I’ve returned from another road trip with my colleague Sheryl Sackman, this time we traveled to Southern Oregon. Our trip offered a chance to connect with MRG supporters — many of whom have been with MRG for a long time — and I witnessed the work of several of MRG’s former and current grantees, some of whom have also been with MRG for a long time.
When I arrived in Ashland, I realized it had been nearly 40 years since my last visit. I was full of anticipation and a bit of trepidation, especially when I recalled family trips long years ago into ‘hostile territory.’ Back then, my folks were cautioned to “gas up” and get their goodies in Eugene, and not stop in Medford, Grants Pass, Roseburg, or Ashland. In fact, no stopping until we’d crossed into California!
I remembered that when we defied conventional wisdom and stopped anyway, it was to see a Shakespeare performance. My favorites back then were As You Like It, A Midsummer Night’s Dream, and Much Ado About Nothing. This time, I couldn’t imagine what would greet me, what I’d encounter, but after so long away from southern Oregon, I had a strong need to find out.
We entered an Occupy Ashland gathering in a city park and watched participants eagerly engage with quiet dignity and resolve as the community asked about their intentions. Days before, we had walked into Occupy Portland and Occupy Eugene and found that same striving to organize something different, to craft new community in front of our eyes.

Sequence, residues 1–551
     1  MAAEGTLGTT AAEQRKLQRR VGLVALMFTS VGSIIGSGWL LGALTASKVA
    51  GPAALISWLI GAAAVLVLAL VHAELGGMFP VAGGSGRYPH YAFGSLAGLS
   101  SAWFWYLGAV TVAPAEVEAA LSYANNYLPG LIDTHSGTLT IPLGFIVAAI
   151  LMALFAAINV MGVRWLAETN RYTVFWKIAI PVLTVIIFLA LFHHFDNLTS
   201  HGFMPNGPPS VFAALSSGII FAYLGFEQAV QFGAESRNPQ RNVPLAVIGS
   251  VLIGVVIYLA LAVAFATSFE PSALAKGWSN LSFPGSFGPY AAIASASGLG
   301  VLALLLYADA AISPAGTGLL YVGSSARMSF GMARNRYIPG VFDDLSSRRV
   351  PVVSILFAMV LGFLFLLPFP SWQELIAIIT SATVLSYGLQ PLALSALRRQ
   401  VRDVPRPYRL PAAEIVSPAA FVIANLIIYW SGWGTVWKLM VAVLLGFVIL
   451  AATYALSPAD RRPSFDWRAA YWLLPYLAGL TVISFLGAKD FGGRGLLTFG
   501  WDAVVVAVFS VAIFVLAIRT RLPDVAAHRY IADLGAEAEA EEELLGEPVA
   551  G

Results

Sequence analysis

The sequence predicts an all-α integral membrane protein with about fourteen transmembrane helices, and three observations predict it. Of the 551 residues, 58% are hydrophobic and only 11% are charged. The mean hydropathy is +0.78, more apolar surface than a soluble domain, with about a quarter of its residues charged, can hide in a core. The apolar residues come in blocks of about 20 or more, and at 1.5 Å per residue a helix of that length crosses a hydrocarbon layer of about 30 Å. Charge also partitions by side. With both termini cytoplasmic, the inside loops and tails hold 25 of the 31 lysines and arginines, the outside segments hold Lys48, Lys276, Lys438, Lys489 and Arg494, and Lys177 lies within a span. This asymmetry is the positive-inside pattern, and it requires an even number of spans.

I ventured into the Safeway, where I was stopped several times for conversations by college students from Southern Oregon University, from Rogue Community College, as well as several older townspeople. I was tickled that I’d attracted attention in the grocery aisles by folks desiring a good talk with a stranger.
I witnessed the passionate volunteer efforts at public radio station, KSKQ-Ashland, where hearty volunteers of this alternative community station interviewed me about MRG Foundation (they’ve received MRG grants in the past). I also had the chance to meet with and talk to other grantees: Rogue Valley Oregon Action, Lotus Rising Project, and Unete, to name just a few.
I ventured out again and had the chance to sit and share life experiences with a wonderful elder, one so full of knowledge, keen observations and great humor. He surprised me by asking what did I mean by “social justice?”
I answered that I believe social justice will be realized when all Oregonians share in the wealth and the bounty of our state. I believe it will happen when those who labor in the fields, who deliver food to our tables, who clean and prepare it, and those who benefit most from access and privilege, are treated equally, have equal access to decent jobs, fair wages, quality education and schools, affordable housing, safe neighborhoods, and quality healthcare.
I added that true social justice will be realized when we are given equal opportunity to rise or to fail, and all are seen as valuable members of our communities.
I asked him how he defined social justice? He told me that he’d “never had to think about it, but now [he] would.” Such forthrightness, such honesty throughout my trip back to southern Oregon! While so much was the same as where I live in Portland: the mountains, deep forests, rolling terrain, there is much that’s different.
I traveled south in Oregon, and I realized that there’s still much to learn about and to believe will continue to get better here. We’re not there yet, but I’m now more convinced that social justice is alive and moving here in Oregon, my state.